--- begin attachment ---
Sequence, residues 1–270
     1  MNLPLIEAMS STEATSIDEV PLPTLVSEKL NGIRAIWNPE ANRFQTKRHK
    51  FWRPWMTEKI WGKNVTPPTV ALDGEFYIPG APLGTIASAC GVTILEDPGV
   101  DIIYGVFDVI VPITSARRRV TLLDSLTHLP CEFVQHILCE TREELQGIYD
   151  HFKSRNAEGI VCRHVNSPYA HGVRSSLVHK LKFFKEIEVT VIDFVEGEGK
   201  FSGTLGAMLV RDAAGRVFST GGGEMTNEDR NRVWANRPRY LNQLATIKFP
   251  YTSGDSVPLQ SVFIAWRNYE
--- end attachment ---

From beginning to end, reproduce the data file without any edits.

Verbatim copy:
Sequence, residues 1–270
     1  MNLPLIEAMS STEATSIDEV PLPTLVSEKL NGIRAIWNPE ANRFQTKRHK
    51  FWRPWMTEKI WGKNVTPPTV ALDGEFYIPG APLGTIASAC GVTILEDPGV
   101  DIIYGVFDVI VPITSARRRV TLLDSLTHLP CEFVQHILCE TREELQGIYD
   151  HFKSRNAEGI VCRHVNSPYA HGVRSSLVHK LKFFKEIEVT VIDFVEGEGK
   201  FSGTLGAMLV RDAAGRVFST GGGEMTNEDR NRVWANRPRY LNQLATIKFP
   251  YTSGDSVPLQ SVFIAWRNYE